Historical archive

Leadership is Key to Sustainable Development

Historical archive

Published under: Bondevik's 2nd Government

Publisher Ministry of the Environment

Speech by H.E. Mr. Børge Brende, Minister of Environment, Norway. Chair of the United Nations Commission on Sustainable Development (CSD) at the Delhi Sustainable Development Summit 2004, New Delhi, India, February 7, 2004

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Leadership is Key to Sustainable Development

Your Excellencies, Distinguished Delegates,

Let me begin by telling you a story – a story of a young boy's enthusiasm, his perception of global justice - but above all, a story of leadership:

In January 1998, a young Canadian, Ryan, was six years old.

At school, he had just learned that children all over the world, unlike those in his hometown in Canada, were dying from lack of clean water, even though one could easily build a well for as little as 70 dollars.

Young Ryan didn’t feel right about that. In fact, he got very upset. After school, he went home and asked his Mum and Dad for money. They suggested he do extra chores around the house to earn it. So he did.

When Ryan had earned the seventy dollars, he headed down to the Canadian non-profit organization WaterCan, only to find out that it would take at least 2,000 dollars to build a well.

But young Ryan was not a quitter and did not give up his goal. So he began fund raising and making speeches to raise the money.

Three years later, Ryan, with the help of his family, was able to found the Ryan’s Well Foundation.

Since then, the Foundation has raised nearly 800,000 dollars and built 70 wells that provide fresh water in several African countries!

As appreciation for his efforts, young Ryan, now 12 years old, was recently awarded the Founder’s Award at UNICEF headquarters in New York by Mrs. Nane Annan.

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Your Excellencies, Distinguished Delegates,

It is leadership like Ryan's that we should all applaud and learn from.

This story reminds us that even the smallest effort, by even the smallest of us, can in the long run have a vital impact.

With its fourth consecutive conference devoted to sustainable development, I would like to extend my sincere gratitude for the work that the Energy and Resources Institute (TERI) has put into the realisation of these conferences.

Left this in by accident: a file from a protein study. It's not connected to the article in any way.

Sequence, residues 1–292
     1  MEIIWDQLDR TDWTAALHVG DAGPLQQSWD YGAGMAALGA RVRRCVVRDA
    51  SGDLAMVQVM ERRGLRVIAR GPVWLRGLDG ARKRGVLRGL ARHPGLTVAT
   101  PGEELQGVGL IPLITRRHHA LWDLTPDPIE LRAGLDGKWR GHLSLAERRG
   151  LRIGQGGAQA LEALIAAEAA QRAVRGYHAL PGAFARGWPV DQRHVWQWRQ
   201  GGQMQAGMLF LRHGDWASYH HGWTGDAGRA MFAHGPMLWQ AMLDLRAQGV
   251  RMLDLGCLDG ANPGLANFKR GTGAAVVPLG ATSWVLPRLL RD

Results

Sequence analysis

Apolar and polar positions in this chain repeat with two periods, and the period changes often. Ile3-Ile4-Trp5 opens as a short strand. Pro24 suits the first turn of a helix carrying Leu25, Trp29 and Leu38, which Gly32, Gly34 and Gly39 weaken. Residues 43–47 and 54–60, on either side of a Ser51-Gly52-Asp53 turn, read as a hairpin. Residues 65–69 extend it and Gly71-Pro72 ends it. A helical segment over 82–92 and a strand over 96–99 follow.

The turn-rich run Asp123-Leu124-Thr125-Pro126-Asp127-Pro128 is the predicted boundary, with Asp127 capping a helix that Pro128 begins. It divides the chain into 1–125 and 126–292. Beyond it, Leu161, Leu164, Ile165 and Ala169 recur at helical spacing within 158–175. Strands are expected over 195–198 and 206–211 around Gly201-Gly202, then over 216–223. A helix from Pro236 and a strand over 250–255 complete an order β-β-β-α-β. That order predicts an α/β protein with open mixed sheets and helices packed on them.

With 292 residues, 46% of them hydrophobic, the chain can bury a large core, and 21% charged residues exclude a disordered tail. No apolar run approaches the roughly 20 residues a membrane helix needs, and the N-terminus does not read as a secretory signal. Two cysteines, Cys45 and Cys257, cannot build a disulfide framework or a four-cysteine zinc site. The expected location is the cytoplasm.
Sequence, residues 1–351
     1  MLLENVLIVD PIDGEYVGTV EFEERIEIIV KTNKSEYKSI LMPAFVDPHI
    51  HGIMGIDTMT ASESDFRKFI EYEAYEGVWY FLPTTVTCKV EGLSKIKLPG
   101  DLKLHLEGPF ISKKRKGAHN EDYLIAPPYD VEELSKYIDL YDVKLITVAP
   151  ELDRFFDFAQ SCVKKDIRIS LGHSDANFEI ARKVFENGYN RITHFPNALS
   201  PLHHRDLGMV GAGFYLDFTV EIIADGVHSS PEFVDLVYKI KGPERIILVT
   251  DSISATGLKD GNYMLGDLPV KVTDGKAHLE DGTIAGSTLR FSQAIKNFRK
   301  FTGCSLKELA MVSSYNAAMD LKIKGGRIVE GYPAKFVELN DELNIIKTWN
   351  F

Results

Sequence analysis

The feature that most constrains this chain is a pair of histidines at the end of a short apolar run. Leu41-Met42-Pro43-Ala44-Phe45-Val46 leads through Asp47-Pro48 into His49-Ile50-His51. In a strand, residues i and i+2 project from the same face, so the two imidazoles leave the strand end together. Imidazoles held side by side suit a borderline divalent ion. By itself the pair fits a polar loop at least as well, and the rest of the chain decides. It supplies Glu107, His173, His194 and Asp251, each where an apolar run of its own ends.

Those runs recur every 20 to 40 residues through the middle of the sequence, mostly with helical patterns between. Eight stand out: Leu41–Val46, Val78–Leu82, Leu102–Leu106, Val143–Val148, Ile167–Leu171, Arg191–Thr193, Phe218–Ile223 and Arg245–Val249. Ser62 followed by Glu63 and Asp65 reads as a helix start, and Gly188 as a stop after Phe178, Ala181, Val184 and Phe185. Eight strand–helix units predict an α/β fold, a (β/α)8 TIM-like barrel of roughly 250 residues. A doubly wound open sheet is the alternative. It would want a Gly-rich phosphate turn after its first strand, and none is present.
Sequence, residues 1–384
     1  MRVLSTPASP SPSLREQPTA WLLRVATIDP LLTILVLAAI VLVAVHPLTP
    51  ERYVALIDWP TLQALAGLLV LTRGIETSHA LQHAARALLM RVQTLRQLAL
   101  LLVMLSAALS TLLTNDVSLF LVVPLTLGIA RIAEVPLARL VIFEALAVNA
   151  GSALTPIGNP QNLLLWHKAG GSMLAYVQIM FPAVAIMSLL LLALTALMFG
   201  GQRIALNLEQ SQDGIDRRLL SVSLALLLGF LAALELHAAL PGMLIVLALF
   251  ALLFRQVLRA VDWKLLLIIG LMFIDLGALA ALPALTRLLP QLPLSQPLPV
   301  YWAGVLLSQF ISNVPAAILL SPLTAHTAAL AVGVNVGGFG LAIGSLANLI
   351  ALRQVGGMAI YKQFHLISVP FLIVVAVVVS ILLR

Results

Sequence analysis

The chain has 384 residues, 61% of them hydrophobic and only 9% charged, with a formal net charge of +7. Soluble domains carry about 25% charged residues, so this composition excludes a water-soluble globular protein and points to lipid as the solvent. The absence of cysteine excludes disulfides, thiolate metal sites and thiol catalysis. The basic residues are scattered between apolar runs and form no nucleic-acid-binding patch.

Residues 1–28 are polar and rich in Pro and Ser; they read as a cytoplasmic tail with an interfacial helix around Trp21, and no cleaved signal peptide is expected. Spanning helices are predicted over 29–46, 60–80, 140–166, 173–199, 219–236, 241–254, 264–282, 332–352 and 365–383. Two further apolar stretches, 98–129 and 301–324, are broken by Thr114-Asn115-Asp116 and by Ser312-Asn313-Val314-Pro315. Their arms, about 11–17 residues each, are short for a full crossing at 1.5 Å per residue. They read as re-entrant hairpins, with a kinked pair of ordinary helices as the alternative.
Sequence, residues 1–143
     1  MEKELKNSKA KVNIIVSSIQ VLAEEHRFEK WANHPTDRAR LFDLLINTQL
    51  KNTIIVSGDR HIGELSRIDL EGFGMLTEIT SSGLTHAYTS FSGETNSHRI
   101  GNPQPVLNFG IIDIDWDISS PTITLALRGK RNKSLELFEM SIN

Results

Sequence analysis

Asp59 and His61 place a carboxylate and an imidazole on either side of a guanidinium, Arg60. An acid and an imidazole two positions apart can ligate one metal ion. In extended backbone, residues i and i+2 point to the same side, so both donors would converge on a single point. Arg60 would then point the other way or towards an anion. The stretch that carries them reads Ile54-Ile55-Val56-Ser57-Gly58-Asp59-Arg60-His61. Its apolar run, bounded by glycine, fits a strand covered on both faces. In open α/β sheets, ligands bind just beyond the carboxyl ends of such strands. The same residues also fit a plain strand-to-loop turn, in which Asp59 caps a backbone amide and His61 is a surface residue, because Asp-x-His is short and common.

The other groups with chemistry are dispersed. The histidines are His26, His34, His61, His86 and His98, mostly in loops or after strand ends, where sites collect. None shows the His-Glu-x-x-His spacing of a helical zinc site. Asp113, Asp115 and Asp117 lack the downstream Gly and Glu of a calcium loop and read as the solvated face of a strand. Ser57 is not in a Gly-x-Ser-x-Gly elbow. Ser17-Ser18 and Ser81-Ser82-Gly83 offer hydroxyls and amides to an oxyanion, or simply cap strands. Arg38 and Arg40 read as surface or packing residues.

It is my impression that TERI demonstrates the kind of leadership and enthusiasm that can make a real impact.

The title of this year's Summit, Partnerships for Sustainable Development: addressing the WEHAB agenda, couldn't be more timely.

Before the World Summit on Sustainable Development (WSSD), the UN Secretary General pinpointed the areas Water, Energy, Health, Agriculture and Biodiversity (WEHAB) as the most crucial ones, and highlighted them as areas where we should strive to make significant achievements.

As Chairman of the UN Commission on Sustainable Development (CSD), I see the transformation of words into action and a focus on implementation as our main challenge.

We know we had a successful Rio Earth summit in 1992. But we also know that it was too much of an end of a process, and not a start of a process.

This time, we will not allow it to happen. This time we will keep up the political momentum. This time we will focus on implementation. This time we will concentrate our efforts on a limited number of issues.

At the two forthcoming sessions we have put water, sanitation and human settlements on top of the agenda. This time we will make sure that the commitments and time bound targets are met.

Challenging targets have been set. We have promised to:

  • reduce by half the proportion of people who do not have sustainable access to safe drinking water, and reduce by half the number of people without access to improved sanitation by 2015, and;
  • achieve significant improvements in the lives of at least 100 million slum dwellers by 2020.

To ensure a more successful follow up, the Commission aims to display what we are doing, and how we are doing. Our job is to review the process, to take a hard honest look at the obstacles and possibilities and prepare the ground for the policy needed.